Price signals and free markets lead to oil exploration: who’d a thunk it?

Lynne Kiesling

From a good article in today’s New York Times: 2009 is turning out to be a bumper year for new oil discoveries; new oil discoveries always occur, but this year has been unusually fruitful. This quote from the article illustrates the important dynamic intertemporal incentives that price signals provide:

These discoveries, spanning five continents, are the result of hefty investments that began earlier in the decade when oil prices rose, and of new technologies that allow explorers to drill at greater depths and break tougher rocks.

“That’s the wonderful thing about price signals in a free market — it puts people in a better position to take more exploration risk,” said James T. Hackett, chairman and chief executive of Anadarko Petroleum.

More than 200 discoveries have been reported so far this year in dozens of countries, including northern Iraq’s Kurdish region, Australia, Israel, Iran, Brazil, Norway, Ghana and Russia. They have been made by international giants, like Exxon Mobil, but also by industry minnows, like Tullow Oil.

Note here the hetergeneity of both the location of the discoveries and the types of firms that are exploring and discovering.

See also the comments and the tie to peak oil from Tim Haab at Environmental Economics.

There’s also an interesting similarity, and contrast, with how high natural gas prices have induced further exploration and discovery in the U.S. in the form of shale gas. Extracting shale gas is more costly because it’s embedded in shale rock, but the high natural gas prices since 2003 have induced innovation and exploration. That, combined with other discoveries, has led to historically high natural gas inventories (shifting out the supply curve); this year’s recession has reduced the demand for natural gas (shifting in the demand curve). Not surprisingly, therefore, the price of natural gas is about one-fourth of what is was back in, say, 2005. This week NPR has been running a series on natural gas innovation and exploration; the first in the series is here, and there are more resources associated with the series on their web site as well.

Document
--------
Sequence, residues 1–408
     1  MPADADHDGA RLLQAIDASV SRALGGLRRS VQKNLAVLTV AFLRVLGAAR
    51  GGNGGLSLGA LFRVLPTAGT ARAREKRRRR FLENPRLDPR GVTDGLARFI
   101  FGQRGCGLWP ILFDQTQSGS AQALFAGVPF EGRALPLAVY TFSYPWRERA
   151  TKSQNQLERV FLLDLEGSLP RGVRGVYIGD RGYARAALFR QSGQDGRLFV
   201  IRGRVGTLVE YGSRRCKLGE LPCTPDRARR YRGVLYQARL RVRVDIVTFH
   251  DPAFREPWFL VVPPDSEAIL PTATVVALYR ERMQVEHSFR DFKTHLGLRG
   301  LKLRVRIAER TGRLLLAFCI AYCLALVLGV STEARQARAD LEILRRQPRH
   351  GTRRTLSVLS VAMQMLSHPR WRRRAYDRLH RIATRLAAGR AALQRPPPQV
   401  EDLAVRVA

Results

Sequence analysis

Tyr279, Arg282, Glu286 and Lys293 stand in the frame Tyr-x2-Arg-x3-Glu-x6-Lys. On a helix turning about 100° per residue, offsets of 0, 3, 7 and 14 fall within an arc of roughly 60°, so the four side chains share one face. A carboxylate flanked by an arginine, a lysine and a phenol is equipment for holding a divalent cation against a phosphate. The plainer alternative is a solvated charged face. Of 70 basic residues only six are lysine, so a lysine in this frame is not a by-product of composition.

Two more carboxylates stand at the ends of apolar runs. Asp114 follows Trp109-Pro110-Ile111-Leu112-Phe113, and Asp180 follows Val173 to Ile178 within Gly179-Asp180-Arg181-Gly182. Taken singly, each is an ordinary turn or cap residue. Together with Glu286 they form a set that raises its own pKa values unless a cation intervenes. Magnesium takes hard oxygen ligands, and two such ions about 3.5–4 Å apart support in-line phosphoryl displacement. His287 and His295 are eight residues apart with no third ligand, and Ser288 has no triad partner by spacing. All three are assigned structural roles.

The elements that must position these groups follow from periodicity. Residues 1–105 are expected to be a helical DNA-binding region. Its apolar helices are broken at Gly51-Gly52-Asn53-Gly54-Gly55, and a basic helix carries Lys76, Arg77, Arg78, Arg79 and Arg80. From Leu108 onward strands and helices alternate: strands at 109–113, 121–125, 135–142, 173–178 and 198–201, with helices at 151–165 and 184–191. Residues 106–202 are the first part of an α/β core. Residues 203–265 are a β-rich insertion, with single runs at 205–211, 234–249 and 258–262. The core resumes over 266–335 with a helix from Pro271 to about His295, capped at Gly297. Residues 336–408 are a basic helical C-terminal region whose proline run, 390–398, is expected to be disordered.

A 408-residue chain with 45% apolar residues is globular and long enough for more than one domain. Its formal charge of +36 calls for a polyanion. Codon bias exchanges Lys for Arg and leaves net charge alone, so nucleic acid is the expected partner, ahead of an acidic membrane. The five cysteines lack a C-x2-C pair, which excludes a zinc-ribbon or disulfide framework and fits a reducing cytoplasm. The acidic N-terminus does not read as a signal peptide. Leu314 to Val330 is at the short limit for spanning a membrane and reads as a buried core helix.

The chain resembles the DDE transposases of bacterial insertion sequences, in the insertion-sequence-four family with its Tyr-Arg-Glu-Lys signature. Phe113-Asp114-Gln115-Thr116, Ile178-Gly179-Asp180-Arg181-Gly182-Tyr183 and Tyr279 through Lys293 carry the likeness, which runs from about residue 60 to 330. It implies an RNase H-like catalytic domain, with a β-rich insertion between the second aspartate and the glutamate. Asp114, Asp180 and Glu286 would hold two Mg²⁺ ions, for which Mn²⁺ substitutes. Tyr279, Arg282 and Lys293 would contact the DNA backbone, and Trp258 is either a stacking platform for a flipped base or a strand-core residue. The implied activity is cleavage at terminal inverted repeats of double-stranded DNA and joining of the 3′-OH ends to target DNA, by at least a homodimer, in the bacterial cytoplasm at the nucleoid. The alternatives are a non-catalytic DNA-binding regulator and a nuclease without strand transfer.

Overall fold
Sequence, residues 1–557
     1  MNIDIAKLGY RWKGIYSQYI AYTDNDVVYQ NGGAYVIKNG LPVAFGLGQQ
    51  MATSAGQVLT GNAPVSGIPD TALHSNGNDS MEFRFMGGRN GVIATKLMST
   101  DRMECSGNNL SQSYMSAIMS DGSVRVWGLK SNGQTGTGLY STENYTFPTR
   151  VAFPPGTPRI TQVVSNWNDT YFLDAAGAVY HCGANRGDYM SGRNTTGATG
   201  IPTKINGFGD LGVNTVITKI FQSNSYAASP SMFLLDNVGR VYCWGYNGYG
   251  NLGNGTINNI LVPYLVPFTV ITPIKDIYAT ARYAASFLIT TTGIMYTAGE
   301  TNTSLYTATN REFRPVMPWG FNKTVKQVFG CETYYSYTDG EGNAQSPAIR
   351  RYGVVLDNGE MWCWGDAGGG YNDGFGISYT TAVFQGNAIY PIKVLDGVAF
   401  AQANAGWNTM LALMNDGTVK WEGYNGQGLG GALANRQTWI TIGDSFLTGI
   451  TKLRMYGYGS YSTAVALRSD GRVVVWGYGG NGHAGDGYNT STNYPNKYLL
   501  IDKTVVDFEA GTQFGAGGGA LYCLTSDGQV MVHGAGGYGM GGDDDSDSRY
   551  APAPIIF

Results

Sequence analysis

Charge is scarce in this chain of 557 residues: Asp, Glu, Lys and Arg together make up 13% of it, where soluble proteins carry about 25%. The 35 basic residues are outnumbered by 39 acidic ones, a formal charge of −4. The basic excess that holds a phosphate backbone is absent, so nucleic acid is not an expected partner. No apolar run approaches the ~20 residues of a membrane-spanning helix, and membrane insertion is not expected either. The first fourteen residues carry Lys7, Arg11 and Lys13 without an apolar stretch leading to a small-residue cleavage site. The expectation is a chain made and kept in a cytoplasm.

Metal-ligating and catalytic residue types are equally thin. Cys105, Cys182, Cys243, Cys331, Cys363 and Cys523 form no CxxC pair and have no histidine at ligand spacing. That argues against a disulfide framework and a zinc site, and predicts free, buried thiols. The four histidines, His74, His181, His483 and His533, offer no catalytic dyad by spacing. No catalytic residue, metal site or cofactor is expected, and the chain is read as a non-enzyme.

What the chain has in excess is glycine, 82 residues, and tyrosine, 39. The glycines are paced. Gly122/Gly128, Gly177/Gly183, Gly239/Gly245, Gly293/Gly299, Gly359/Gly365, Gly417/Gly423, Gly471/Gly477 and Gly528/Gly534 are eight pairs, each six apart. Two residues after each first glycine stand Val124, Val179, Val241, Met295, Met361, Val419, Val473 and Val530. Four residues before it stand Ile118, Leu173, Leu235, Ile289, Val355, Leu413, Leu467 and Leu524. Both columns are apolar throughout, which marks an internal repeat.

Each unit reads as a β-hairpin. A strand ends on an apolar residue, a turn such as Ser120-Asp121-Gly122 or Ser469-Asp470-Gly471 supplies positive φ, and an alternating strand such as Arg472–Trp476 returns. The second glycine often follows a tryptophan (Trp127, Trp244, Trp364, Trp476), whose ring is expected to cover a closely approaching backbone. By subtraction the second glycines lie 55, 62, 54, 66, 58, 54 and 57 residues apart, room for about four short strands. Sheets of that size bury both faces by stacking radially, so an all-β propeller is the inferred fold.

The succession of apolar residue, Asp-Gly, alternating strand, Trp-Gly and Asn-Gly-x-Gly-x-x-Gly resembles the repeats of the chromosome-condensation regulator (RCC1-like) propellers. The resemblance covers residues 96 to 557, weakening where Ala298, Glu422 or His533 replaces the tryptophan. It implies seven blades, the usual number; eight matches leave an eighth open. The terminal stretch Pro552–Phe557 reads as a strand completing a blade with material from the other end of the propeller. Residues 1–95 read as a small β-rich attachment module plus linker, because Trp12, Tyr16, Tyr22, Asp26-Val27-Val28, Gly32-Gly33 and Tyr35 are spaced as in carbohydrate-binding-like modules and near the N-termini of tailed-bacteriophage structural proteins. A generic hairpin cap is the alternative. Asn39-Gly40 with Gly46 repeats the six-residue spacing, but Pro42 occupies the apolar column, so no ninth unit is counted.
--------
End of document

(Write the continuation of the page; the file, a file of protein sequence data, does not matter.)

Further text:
2 thoughts on “Price signals and free markets lead to oil exploration: who’d a thunk it?

  1. With respect to those who still believe in the peak oil theory, some historical perspective is in order. I would suggest going to Google and typing “Julian Simon” and “bet”.

  2. Aren’t these discoveries on government-leased land? It’s not exactly the free market when the company is getting the resources from the government.

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